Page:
Parinaud's syndrome

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Parinaud's syndrome
Other names: Dorsal midbrain syndrome, vertical gaze palsy, upward gaze palzy, sunset sign,[1] setting-sun sign,[2] sun-setting sign,[3] sunsetting sign,[4] sunset eye sign,[5] setting-sun phenomenon[5]

Parinaud's syndrome is an inability to move the eyes up and down. It is caused by compression of the vertical gaze center at the rostral interstitial nucleus of medial longitudinal fasciculus (riMLF). The eyes lose the ability to move upward and down.

It is a group of abnormalities of eye movement and pupil dysfunction. It is caused by lesions of the upper brain stem and is named for Henri Parinaud[6][7] (1844–1905), considered to be the father of French ophthalmology.

Signs and symptoms

Parinaud's syndrome is a cluster of abnormalities of eye movement and pupil dysfunction, characterized by:

  • Paralysis of upwards gaze: Downward gaze is usually preserved. This vertical palsy is supranuclear, so doll's head maneuver should elevate the eyes, but eventually all upward gaze mechanisms fail.[8]
  • Pseudo-Argyll Robertson pupils: Accommodative paresis ensues, and pupils become mid-dilated and show light-near dissociation.
  • Convergence-retraction nystagmus: Attempts at upward gaze often produce this phenomenon. On fast up-gaze, the eyes pull in and the globes retract. The easiest way to bring out this reaction is to ask the patient to follow down-going stripes on an optokinetic drum.[9]
  • Eyelid retraction (Collier's sign)
  • Conjugate down gaze in the primary position: "setting-sun sign". Neurosurgeons see this sign most commonly in patients with failed hydrocephalus shunts.

It is also commonly associated with bilateral papilledema. It has less commonly been associated with spasm of accommodation on attempted upward gaze, pseudoabducens palsy (also known as thalamic esotropia) or slower movements of the abducting eye than the adducting eye during horizontal saccades, see-saw nystagmus and associated ocular motility deficits including skew deviation, oculomotor nerve palsy, trochlear nerve palsy and internuclear ophthalmoplegia.


Parinaud's syndrome results from injury, either direct or compressive, to the dorsal midbrain. Specifically, compression or ischemic damage of the mesencephalic tectum, including the superior colliculus adjacent oculomotor (origin of cranial nerve III) and Edinger-Westphal nuclei, causing dysfunction to the motor function of the eye.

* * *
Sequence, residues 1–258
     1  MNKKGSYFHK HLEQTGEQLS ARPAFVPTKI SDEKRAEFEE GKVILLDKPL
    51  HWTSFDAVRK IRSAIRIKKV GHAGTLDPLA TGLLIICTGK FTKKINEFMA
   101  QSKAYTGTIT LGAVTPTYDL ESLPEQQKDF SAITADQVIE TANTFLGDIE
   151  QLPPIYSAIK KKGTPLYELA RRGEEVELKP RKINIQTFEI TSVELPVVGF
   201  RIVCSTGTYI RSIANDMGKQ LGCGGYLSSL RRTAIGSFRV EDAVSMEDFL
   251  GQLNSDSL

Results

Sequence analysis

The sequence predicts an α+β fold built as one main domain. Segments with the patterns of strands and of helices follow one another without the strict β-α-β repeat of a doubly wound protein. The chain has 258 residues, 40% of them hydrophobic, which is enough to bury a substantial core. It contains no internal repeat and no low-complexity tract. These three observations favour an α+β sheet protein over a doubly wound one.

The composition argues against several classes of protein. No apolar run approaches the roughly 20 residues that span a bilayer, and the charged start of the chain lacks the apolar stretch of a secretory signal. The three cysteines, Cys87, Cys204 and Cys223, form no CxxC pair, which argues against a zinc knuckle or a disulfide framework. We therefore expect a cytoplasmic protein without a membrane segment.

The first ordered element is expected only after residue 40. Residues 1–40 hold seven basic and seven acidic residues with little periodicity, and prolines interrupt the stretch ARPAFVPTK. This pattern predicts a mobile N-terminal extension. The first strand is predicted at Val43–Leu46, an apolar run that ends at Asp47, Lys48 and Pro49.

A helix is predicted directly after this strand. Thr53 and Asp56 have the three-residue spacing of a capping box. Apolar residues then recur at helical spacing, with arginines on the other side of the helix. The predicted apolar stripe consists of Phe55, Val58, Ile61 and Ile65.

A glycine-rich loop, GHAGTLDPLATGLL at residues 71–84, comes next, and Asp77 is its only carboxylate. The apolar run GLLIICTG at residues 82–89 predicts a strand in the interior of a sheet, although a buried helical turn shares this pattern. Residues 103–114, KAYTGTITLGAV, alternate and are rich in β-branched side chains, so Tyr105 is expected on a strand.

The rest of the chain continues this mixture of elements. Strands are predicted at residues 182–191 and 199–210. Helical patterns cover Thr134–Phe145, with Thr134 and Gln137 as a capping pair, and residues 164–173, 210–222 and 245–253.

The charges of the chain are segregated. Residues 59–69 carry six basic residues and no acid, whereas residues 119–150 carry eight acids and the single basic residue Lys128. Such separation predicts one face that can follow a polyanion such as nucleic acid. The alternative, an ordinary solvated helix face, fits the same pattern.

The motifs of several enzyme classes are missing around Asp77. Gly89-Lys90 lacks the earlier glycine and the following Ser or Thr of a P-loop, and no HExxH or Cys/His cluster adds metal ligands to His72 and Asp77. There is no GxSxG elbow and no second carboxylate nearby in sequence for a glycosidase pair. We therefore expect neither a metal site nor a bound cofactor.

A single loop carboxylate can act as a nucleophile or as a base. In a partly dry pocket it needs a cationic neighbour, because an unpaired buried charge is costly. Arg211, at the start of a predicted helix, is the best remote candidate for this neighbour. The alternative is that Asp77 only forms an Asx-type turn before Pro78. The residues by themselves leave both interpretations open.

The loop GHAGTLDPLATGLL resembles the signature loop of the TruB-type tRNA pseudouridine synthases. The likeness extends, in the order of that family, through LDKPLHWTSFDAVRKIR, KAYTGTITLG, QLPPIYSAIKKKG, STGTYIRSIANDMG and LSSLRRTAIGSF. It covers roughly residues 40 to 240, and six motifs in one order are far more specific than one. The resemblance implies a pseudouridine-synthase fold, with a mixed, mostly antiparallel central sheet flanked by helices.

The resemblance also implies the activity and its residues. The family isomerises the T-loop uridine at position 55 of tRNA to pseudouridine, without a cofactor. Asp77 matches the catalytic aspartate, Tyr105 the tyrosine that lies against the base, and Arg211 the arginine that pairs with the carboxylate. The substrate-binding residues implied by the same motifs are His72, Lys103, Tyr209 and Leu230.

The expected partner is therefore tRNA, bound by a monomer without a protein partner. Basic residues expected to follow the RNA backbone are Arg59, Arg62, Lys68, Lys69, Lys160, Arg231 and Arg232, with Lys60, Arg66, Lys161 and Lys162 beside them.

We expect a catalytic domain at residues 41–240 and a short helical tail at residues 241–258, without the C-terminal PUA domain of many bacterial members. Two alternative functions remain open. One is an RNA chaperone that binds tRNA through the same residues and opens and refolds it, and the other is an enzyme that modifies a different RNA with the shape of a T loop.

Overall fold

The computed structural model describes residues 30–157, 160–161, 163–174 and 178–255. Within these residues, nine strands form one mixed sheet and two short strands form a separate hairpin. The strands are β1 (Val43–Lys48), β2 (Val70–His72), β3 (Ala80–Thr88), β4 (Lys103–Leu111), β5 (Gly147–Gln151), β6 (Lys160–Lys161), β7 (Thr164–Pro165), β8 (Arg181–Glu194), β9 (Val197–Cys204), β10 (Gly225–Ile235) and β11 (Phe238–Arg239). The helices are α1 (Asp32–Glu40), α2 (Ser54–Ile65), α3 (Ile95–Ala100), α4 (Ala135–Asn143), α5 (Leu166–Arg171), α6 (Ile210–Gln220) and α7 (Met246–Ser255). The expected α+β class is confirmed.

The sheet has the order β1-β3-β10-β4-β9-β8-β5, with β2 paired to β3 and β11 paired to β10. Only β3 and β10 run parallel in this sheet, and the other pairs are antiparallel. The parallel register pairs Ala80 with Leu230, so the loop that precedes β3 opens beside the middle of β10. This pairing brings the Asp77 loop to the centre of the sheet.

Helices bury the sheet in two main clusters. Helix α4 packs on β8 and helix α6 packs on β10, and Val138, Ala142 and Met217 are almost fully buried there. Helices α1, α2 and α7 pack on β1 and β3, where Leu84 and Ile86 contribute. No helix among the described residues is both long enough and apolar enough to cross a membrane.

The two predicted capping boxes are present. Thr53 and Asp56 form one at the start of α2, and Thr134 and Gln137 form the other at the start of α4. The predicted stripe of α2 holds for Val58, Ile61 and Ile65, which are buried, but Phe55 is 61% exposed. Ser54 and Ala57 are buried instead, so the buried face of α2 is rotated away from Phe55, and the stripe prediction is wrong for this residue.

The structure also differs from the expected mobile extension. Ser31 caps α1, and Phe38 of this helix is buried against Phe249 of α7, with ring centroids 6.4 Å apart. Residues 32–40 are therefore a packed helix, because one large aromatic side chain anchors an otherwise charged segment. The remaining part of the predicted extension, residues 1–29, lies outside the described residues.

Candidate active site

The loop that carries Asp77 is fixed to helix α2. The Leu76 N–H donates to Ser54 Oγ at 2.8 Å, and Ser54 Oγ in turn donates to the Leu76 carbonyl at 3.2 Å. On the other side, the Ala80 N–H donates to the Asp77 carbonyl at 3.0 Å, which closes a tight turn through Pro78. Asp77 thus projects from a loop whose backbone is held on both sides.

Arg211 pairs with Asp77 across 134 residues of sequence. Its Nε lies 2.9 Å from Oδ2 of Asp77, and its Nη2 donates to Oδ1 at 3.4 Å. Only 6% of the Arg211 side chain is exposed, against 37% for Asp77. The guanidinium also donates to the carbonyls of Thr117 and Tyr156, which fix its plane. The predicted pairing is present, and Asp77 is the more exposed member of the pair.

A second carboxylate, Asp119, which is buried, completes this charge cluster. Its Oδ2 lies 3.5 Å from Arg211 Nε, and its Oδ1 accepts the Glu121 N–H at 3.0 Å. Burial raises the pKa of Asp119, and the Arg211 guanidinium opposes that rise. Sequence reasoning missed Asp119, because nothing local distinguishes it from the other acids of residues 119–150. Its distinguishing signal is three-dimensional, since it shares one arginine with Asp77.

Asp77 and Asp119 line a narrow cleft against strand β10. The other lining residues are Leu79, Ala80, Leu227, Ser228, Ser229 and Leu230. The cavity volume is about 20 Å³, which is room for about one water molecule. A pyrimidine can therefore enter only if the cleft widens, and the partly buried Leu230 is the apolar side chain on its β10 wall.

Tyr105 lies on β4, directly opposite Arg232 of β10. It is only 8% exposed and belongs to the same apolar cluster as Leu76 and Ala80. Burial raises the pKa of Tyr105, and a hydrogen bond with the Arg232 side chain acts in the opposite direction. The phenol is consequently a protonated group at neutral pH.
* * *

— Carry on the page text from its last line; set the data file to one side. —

Classically, it has been associated with three major groups:

However, any other compression, ischemia or damage to this region can produce these phenomena: obstructive hydrocephalus, midbrain hemorrhage, cerebral arteriovenous malformation, trauma and brainstem toxoplasmosis infection. Neoplasms and giant aneurysms of the posterior fossa have also been associated with the midbrain syndrome.

Vertical supranuclear ophthalmoplegia has also been associated with metabolic disorders, such as Niemann-Pick disease, Wilson's disease, kernicterus, and barbiturate overdose.


Diagnosis can be made via combination of physical exam, particularly deficits of the relevant cranial nerves. Confirmation can be made via imaging, such as CT scan or MRI.


Treatment is primarily directed towards etiology of the dorsal midbrain syndrome. A thorough workup, including neuroimaging is essential to rule out anatomic lesions or other causes of this syndrome. Visually significant upgaze palsy can be relieved with bilateral inferior rectus recessions. Retraction nystagmus and convergence movement are usually improved with this procedure as well.


The eye findings of Parinaud's syndrome generally improve slowly over months, especially with resolution of the causative factor; continued resolution after the first 3–6 months of onset is uncommon. However, rapid resolution after normalization of intracranial pressure following placement of a ventriculoperitoneal shunt has been reported.


  1. Larner, A. J. (2001). A Dictionary of Neurological Signs: Clinical Neurosemiology. Springer Science & Business Media. p. 202. ISBN 978-1-4020-0042-3. Archived from the original on 2022-08-13. Retrieved 2022-05-02.
  2. Biglan, Albert W. (January 1984). "Setting Sun Sign in Infants". American Orthoptic Journal. 34 (1): 114–116. doi:10.1080/0065955X.1984.11981637.
  3. MPH, Eudocia Quant Lee, MD; MD, David Schiff; MD, Patrick Y. Wen (2011-09-28). Neurologic Complications of Cancer Therapy. Demos Medical Publishing. p. 383. ISBN 978-1-61705-019-0. Archived from the original on 2022-08-13. Retrieved 2022-05-02.
  4. Waterston, Tony; Helms, Peter; Ward-Platt, Martin (2016-07-06). Paediatrics: A Core Text on Child Health, Second Edition. CRC Press. p. 149. ISBN 978-1-138-03131-9.
  5. 5.0 5.1 Gaillard, Frank. "Sunset eye sign | Radiology Reference Article |". Radiopaedia. Archived from the original on 2019-08-19. Retrieved 2020-01-05.
  6. synd/1906 at Who Named It?
  7. H. Parinaud. Paralysie des mouvements associés des yeux. Archives de neurologie, Paris, 1883, 5: 145-172.
  8. "Neuro-Ophthalmic Examination". Archived from the original on 2009-09-01. Retrieved 2022-05-02.
  9. "Convergence-retraction nystagmus". Archived from the original on 14 September 2016. Retrieved 17 March 2020.

Further reading

  • Aguilar-Rebolledo F, Zárate-Moysén A, Quintana-Roldán G (1998). "Parinaud's syndrome in children". Rev. Invest. Clin. (in español). 50 (3): 217–20. PMID 9763886.
  • Waga S, Okada M, Yamamoto Y (1979). "Reversibility of Parinaud syndrome in thalamic hemorrhage". Neurology. 29 (3): 407–9. doi:10.1212/wnl.29.3.407. PMID 571990. S2CID 42247406.

External links